Imagine a scenario where you’re responsible for the cloud environment of a major fintech company. The holiday season is about to begin, and you want to lock down the environment against cybercriminals who are all too eager to compromise it. Following the principles of zero trust seems like a great place to start, but how do you actually implement it? What should you focus on, and how do you do it without getting bogged down in the complexities of it all?

This is where solutions like Kentik can help. The Kentik Network Observability Platform gives companies insights into their cloud environments, enabling them to detect security issues, establish baselines for network activity, understand how traffic flows through the network and public internet, and see what SaaS applications are in use.

In the next section, you’ll learn how easy it is to use Kentik to lock down security groups and cloud access and monitor rejected traffic volume.

Implementing a zero-trust cloud network policy with Kentik

Let’s take a look at how Kentik can enable a zero-trust network in the cloud.

Lock down security groups

Security groups are often the entry points into cloud workloads. The rules defined in security groups dictate how and where workloads can be accessed.

A frequent oversight in cloud environments is opening up security groups to troubleshoot issues and then forgetting to close them. This violates zero-trust principles and becomes a vulnerability that attackers can exploit.

Locking down security groups is essential but far from easy, especially given how quickly cloud environments change. Thankfully, Kentik can help to automate and streamline the process.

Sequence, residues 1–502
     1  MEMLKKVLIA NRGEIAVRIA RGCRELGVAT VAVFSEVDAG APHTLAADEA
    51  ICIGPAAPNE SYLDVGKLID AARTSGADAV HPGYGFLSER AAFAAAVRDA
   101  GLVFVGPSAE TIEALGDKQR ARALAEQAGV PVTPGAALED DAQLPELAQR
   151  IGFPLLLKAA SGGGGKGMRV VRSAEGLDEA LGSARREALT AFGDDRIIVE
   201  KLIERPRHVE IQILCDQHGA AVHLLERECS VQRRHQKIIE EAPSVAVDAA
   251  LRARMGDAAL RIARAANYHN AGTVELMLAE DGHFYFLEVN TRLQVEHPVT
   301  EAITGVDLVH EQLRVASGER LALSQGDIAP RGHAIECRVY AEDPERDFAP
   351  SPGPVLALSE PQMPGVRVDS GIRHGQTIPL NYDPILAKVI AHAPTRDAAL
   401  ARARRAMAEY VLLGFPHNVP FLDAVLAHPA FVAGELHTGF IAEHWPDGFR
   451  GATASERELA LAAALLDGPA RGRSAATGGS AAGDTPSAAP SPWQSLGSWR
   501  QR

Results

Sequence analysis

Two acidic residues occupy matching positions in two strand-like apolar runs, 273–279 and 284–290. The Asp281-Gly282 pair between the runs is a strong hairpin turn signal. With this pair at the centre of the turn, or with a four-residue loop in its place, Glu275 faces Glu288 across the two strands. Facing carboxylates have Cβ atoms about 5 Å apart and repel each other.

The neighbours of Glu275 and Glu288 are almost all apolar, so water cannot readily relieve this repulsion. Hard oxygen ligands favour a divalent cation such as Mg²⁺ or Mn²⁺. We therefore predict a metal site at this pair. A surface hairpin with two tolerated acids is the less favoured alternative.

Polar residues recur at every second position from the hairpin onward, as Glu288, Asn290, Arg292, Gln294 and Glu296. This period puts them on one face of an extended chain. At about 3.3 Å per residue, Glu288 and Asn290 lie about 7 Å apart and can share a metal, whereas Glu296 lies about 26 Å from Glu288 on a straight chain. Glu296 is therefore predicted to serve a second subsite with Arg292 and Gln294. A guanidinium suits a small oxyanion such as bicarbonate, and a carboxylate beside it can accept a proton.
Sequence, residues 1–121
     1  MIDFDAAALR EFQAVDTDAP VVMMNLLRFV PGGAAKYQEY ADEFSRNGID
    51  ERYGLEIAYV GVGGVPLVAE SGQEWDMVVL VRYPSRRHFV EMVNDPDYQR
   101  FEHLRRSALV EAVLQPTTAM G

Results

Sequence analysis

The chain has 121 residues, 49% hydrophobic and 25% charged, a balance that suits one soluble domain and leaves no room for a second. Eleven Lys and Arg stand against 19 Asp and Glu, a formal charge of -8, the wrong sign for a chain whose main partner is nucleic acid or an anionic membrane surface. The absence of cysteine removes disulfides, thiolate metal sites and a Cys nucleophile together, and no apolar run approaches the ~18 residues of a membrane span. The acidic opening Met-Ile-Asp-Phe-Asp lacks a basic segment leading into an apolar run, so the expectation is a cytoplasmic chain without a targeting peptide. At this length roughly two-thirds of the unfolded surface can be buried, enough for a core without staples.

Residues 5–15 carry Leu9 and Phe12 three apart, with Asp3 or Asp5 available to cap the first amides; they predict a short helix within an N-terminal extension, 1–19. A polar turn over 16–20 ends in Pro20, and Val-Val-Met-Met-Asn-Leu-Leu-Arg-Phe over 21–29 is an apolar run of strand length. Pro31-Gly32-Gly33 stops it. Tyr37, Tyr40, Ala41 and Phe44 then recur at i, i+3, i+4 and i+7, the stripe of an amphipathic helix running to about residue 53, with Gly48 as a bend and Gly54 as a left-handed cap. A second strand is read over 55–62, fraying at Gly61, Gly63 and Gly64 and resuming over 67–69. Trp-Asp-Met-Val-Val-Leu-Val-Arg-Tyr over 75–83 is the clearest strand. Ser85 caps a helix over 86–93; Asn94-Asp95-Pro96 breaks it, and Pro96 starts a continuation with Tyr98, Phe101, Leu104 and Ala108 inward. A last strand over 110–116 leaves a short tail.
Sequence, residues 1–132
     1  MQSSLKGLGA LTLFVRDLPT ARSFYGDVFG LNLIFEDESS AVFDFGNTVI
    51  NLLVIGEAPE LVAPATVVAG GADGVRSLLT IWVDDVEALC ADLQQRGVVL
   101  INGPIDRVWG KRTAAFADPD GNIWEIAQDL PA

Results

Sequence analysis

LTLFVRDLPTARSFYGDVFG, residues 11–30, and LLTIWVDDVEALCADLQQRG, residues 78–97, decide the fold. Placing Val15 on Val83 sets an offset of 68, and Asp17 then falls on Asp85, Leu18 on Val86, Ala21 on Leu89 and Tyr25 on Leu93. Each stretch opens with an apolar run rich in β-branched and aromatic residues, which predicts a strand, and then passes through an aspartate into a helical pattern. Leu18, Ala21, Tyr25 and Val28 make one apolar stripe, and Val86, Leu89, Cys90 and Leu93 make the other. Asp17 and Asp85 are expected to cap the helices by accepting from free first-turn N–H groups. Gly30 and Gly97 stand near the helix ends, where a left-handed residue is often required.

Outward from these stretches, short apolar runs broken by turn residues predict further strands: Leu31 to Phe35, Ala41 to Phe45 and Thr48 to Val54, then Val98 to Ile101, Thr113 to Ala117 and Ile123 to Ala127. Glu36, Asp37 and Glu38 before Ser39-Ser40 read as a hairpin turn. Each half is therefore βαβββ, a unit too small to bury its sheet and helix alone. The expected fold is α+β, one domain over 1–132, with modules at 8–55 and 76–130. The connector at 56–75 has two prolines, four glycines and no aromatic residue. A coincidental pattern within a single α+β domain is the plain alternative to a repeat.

Following are the steps you can take in Kentik to lock down your cloud environment:

If you don’t already have one, create a Kentik account and log in.

Once you’ve configured one of your cloud providers to send flow logs to Kentik, you should be able to see directional data flow on your dashboard.

Navigate to the Dashboard to get a 360-degree view of your cloud posture, and use Kentik’s filtering options to identify open security groups that should be locked down.

Now, you can harden the security group settings to a more restrictive state, allowing only the needed traffic. This step is essential as it creates a baseline for expected and/or unexpected traffic patterns.

Then create alerts that inform you if the security groups deviate from your set baseline.

By enabling these settings, Kentik continually monitors your cloud environment and prevents any future instances of network security groups from being left open accidentally, misconfigured security groups, or previously unknown attack vectors.

Monitor rejected traffic volume and update cloud policies as needed

The cloud’s noisy nature means filtering out data signals indicating a threat is essential. A high volume of rejected traffic can reveal many things, including a potential cyber threat trying every entry point to gain access. Properly performing policies will deny all traffic except the tiny sliver of allowed traffic. Either way, a good zero-trust network policy should continually be adjusted in response to changing conditions and threats.

Striking the balance between securing your network and allowing productivity can be challenging, but Kentik can help. Kentik allows you to analyze rejected data volumes and fine-tune policies in real time. Essentially, it is a balance of allowing access while also maintaining a policy of least privilege.

To do so, you just need to log into your Kentik account and navigate to the dashboard. There, you can look for instances of rejected traffic and any potential spikes.

Kentik’s analytical features allow you to dive deep into trends and isolate their origins and where the traffic was headed. This enables you to identify both potential threats and bottlenecks within your network.

Once you’ve identified the issue causing problems, navigate to the cloud policy settings within Kentik and fine-tune the specified policies. Make sure you harden the policy more if you feel that the rejected traffic indicates a broader threat.